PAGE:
India: RDF Statement–‘Condemn the Murder of Maoist leader Kishanji!’

Press Statement on the cold-blooded murder of Maoist Leader, Kishanji   (25/11/2011)

We strongly condemn the cold-blooded murder and planned assassination of Kishanji alias Mallojula Koteswara Rao, Politburo Member of CPI (Maoist) in Burishol forest area, Paschim Midnapore District, Jangalmahal, West Bengal on 24 November 2011. At the time of this murder Kishanji was dealing with the process of peace talks through the interlocutors appointed by the Chief Minister of West Bengal Ms. Mamata Banerjee. Such a heinous crime should be condemned by all justice loving people.

According CPI (Maoist) statement issued to the media on today, Kishanji was arrested and tortured and then brutally killed. This murder looks much similar to that of Azad’s in July 2010, when Azad was brutally tortured and killed while he was dealing with the Union Government’s offer of peace talks through union Home Ministry appointed interlocutor.

In these circumstances, the Joint Forces’ story of a fierce gun battle in Burishol forest of Paschim Midnapore district comes out to be a concocted one. It is significant that the mother of Kishanji, Ms. Madhuramma while maintaining it is a fake encounter has also demanded a judicial enquiry. Under the circumstances, we demand: Continue reading

West Bengal, India: Maoist-interlocutor ‘talks by August 31’ — Rebels accept govt invite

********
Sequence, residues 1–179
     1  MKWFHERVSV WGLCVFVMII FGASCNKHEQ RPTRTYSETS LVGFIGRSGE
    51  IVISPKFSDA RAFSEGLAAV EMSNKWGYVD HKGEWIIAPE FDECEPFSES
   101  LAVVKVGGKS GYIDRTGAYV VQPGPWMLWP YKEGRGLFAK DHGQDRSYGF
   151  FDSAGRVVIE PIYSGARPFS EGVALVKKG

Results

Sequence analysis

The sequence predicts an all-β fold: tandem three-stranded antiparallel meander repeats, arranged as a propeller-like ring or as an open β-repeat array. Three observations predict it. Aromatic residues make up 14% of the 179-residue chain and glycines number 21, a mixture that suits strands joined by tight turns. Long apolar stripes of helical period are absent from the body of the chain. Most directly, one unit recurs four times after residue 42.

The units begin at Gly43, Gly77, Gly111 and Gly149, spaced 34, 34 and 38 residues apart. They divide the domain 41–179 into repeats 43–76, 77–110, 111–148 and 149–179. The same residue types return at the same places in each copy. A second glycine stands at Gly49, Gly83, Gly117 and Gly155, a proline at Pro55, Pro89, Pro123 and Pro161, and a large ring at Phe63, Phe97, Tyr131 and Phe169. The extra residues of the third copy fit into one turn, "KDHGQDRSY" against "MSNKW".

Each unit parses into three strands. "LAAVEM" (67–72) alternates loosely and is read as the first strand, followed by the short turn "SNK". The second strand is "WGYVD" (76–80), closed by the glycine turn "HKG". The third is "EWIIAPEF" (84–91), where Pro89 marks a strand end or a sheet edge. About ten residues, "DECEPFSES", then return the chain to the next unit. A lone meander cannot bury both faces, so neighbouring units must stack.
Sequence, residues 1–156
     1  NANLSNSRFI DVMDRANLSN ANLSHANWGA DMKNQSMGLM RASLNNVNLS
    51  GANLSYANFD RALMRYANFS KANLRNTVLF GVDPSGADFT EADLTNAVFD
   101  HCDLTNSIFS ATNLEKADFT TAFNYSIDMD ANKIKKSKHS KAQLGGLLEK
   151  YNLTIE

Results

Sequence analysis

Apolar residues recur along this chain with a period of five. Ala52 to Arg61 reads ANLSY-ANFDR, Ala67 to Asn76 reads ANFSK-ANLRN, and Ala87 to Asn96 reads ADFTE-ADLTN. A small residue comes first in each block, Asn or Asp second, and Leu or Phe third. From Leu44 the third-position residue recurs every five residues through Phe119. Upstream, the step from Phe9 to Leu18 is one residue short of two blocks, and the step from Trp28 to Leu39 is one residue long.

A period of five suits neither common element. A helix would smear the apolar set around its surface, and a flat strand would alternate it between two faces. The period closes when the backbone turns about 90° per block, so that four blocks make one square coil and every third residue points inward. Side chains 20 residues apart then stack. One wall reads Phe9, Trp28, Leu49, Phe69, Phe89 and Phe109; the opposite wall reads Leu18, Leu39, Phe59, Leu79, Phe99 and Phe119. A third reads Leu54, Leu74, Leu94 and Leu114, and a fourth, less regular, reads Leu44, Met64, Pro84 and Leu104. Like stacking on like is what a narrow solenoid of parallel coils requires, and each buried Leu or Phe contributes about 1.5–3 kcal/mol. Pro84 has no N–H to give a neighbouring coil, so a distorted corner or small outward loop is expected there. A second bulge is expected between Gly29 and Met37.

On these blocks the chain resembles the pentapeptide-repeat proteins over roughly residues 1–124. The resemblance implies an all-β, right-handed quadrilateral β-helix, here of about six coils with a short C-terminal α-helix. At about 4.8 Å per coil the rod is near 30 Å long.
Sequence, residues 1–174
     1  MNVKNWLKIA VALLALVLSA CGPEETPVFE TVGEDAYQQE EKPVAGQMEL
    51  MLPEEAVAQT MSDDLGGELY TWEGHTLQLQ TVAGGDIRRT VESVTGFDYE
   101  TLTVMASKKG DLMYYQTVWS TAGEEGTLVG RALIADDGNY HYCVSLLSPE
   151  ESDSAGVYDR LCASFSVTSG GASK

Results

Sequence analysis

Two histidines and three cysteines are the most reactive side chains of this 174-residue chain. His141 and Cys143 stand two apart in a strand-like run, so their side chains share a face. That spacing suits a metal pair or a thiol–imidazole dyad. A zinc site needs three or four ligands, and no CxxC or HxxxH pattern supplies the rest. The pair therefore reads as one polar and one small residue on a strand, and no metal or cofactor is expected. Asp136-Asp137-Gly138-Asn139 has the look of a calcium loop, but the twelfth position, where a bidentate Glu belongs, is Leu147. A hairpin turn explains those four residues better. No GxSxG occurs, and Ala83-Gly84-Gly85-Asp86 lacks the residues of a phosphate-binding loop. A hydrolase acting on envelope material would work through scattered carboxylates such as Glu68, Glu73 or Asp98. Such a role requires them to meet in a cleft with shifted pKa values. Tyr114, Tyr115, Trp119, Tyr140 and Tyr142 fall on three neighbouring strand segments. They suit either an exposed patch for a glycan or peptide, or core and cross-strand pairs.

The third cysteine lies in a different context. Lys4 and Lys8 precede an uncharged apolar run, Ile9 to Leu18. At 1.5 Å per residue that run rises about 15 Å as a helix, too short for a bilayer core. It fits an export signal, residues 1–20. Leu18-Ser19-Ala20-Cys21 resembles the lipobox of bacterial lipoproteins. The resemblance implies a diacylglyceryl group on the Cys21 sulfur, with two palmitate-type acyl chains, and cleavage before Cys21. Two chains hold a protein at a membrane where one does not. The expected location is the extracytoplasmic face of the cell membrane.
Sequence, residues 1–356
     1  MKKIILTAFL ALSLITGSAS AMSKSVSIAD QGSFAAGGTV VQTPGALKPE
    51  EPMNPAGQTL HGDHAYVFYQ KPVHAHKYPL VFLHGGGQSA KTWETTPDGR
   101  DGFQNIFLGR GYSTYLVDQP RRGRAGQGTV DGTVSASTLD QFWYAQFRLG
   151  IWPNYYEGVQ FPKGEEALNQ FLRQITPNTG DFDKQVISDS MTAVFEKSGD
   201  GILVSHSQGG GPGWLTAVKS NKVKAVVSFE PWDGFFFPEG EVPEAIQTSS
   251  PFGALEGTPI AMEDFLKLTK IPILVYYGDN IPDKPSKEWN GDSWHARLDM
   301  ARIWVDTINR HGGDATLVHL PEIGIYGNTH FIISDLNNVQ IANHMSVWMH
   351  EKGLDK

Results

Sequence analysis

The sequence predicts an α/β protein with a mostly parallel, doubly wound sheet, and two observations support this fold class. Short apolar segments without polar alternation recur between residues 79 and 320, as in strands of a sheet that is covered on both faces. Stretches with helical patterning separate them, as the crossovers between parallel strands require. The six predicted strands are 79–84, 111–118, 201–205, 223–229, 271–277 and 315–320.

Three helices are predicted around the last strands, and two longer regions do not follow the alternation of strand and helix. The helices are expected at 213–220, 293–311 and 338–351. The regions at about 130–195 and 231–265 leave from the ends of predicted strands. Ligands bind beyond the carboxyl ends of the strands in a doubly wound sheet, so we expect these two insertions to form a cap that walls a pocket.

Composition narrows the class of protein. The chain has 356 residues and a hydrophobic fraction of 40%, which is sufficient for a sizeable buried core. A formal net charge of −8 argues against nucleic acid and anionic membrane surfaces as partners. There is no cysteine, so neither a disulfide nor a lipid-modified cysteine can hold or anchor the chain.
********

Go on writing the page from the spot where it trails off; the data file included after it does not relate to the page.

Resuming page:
by MONALISA CHAUDHURI, The Telegraph

Calcutta, Aug. 26: The Maoists and the state-appointed interlocutors will hold their first peace talks by Wednesday, government sources said today.

Two representatives from each side will attend the meeting, the sources said. They said the committee of interlocutors had sent a letter to CPI (Maoist) state secretary Asim Mandal alias Akash on Tuesday on behalf of the home department, inviting the rebels to the talks to start the peace process in Jungle Mahal.

The letter mentioned that the talks would be “unconditional” and that the Maoist leaders attending the meeting would be given “safe passage”, the sources said. Maoist sources told The Telegraph that they had received the letter, adding the rebels had verbally conveyed their acceptance to the government. Continue reading

India: The electoral “Marxists” in W. Bengal are slipping; what is the alternative?


The peasants have it

21 May 2011

GN Saibaba says the real alternative will come from the maoists, not the Trinamool